You can see our Mobile STEM Lab van anywhere in Northern New Hampshire! 

 

WMSI Mobile Lab has been edited and shined up in many areas, particularly in regards to our curriculum. WMSI has added units in animation, videography, and robotics, to name a few! We're very excited about our brand new robotics session: Robotic Art Drawers! 

As we were brainstorming year two curriculum, we got really excited about de-mystifying the 3D printer and making it more understandable for students. a 3D printer is really just 3 motors which allows side to side and up/down movement as well as codes that give the machine coordinates to follow. We simplified this idea to two motors, more basic code, and a marker instead of a plastic melter. The main take away? Machine artistry is fun and we can build these artistic machines without having a Masters in Engineering!

After introducing these main points to students, our STEM Explorers raced into the project with enthusiasm and excitement! First, they practiced a skill every designer needs to know: following poorly written blue prints (hmm I wonder who wrote those...). They patiently built, following instructions and thinking critically whenever details were vague or unclear (ok ok, I wrote them!).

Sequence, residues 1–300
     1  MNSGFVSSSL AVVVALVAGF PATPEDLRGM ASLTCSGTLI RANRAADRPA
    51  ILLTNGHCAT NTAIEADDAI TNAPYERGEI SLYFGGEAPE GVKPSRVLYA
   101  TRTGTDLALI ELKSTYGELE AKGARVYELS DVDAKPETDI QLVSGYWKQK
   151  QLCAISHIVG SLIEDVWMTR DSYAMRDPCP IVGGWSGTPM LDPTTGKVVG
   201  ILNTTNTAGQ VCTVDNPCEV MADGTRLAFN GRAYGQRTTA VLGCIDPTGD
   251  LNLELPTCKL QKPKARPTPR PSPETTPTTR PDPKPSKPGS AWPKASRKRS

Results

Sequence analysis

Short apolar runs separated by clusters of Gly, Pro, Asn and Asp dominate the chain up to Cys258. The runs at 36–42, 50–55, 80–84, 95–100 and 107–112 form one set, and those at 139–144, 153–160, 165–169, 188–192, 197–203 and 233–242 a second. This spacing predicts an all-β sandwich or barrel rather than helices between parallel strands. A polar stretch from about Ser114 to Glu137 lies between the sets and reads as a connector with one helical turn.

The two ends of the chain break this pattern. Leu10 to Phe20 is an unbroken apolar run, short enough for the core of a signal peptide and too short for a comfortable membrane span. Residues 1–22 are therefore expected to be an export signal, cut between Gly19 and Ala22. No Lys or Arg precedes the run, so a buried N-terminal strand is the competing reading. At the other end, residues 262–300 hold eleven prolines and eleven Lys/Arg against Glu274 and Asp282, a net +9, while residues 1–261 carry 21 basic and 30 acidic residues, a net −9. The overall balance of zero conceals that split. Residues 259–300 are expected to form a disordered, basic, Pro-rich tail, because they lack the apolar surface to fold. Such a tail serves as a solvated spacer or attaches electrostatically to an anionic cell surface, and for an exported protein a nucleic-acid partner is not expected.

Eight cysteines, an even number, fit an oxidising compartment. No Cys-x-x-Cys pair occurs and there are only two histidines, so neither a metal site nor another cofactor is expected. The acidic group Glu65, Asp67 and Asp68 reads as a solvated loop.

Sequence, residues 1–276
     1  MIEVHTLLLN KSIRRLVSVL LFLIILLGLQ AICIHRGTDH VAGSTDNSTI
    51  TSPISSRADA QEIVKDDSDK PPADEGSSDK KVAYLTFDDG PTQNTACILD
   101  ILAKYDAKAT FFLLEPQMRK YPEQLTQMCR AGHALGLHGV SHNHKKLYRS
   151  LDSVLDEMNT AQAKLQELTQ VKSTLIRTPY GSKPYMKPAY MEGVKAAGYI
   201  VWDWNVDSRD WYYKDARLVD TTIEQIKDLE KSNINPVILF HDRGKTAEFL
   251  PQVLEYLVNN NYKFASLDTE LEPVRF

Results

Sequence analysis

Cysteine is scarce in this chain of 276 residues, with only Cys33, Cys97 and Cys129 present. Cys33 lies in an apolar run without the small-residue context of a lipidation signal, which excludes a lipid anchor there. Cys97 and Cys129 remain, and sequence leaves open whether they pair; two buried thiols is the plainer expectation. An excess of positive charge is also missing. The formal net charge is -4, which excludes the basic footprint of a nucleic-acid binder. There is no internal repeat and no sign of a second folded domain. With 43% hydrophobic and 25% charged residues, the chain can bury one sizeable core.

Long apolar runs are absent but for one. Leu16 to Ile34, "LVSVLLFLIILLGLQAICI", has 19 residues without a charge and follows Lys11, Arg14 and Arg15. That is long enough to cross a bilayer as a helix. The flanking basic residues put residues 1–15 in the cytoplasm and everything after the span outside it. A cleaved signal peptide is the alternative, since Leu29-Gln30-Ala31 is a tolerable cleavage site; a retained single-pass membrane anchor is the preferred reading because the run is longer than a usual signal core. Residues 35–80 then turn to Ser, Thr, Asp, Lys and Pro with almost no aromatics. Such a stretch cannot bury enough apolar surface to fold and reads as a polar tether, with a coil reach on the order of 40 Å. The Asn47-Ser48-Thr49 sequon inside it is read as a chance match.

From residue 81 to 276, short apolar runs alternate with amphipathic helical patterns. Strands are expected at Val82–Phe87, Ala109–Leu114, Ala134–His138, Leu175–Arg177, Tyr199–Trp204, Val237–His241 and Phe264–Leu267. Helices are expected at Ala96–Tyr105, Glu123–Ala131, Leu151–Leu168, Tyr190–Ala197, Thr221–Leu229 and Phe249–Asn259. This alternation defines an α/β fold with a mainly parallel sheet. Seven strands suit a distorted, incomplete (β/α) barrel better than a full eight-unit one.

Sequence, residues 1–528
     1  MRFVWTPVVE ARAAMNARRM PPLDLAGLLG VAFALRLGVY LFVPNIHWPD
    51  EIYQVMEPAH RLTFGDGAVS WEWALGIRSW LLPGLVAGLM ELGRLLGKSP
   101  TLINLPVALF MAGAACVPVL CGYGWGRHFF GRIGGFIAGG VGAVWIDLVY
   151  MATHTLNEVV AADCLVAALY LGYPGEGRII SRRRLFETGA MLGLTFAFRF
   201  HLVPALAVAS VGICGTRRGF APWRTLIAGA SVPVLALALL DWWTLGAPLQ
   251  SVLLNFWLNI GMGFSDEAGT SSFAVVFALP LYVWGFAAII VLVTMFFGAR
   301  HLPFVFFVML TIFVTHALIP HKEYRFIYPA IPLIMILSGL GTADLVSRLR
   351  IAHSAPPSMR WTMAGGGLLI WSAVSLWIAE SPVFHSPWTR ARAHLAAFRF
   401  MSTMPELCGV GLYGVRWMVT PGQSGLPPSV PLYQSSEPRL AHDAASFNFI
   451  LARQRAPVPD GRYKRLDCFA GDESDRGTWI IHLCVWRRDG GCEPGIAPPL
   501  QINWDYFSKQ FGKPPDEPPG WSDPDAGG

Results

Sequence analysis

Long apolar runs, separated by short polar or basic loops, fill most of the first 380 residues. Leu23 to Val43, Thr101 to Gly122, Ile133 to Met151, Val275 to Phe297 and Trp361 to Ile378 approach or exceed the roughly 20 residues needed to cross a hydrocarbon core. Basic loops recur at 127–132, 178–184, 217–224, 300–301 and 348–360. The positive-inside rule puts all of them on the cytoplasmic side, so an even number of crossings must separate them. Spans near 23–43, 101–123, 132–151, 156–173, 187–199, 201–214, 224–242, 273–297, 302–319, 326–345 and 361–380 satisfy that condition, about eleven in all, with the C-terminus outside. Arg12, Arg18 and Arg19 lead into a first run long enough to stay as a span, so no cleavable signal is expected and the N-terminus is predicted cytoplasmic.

STEM Explorers designing a sweet gear system for their robotic drawing arm!

STEM Explorers designing a sweet gear system for their robotic drawing arm!

After building, we talked about another key part of any designer's job: making your own creations through trial and error! Students fired up laptops and began to code their robots, putting together loops with motor commands that would run the robotic scissor arm of their builds. They next explored different speeds for their two motors and how those speeds would effect their designs. Soon, students had discovered motor speeds that would draw complex shapes such as hearts, skulls, spoons, and the coolest doodles the world has EVER SEEN! 

Some groups even explored using two markers!

Some groups even explored using two markers!

Some very excited Youth Leaders putting together the longest scissor arm EVER!

Some very excited Youth Leaders putting together the longest scissor arm EVER!

"I can't believe my robot just drew that!"

"I can't believe my robot just drew that!"

All in all, it was a great show of creativity in coding for our STEM Explorers across the North Country! We can't wait to see what these excited students dream up in the coming weeks!

Game Controller Design at Lakeway!